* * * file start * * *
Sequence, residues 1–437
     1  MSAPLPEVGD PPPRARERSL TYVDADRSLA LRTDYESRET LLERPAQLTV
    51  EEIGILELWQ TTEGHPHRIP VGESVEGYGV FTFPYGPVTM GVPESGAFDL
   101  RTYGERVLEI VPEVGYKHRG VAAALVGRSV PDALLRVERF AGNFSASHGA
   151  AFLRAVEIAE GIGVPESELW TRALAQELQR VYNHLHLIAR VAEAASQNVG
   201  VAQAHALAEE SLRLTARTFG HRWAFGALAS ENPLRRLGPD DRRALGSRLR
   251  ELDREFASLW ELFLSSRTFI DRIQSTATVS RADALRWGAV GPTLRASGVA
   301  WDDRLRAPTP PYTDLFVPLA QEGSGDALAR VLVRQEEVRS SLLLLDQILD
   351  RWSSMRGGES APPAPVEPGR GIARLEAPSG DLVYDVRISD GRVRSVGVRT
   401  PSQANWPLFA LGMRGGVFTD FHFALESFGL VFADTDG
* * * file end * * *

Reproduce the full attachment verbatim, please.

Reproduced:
Sequence, residues 1–437
     1  MSAPLPEVGD PPPRARERSL TYVDADRSLA LRTDYESRET LLERPAQLTV
    51  EEIGILELWQ TTEGHPHRIP VGESVEGYGV FTFPYGPVTM GVPESGAFDL
   101  RTYGERVLEI VPEVGYKHRG VAAALVGRSV PDALLRVERF AGNFSASHGA
   151  AFLRAVEIAE GIGVPESELW TRALAQELQR VYNHLHLIAR VAEAASQNVG
   201  VAQAHALAEE SLRLTARTFG HRWAFGALAS ENPLRRLGPD DRRALGSRLR
   251  ELDREFASLW ELFLSSRTFI DRIQSTATVS RADALRWGAV GPTLRASGVA
   301  WDDRLRAPTP PYTDLFVPLA QEGSGDALAR VLVRQEEVRS SLLLLDQILD
   351  RWSSMRGGES APPAPVEPGR GIARLEAPSG DLVYDVRISD GRVRSVGVRT
   401  PSQANWPLFA LGMRGGVFTD FHFALESFGL VFADTDG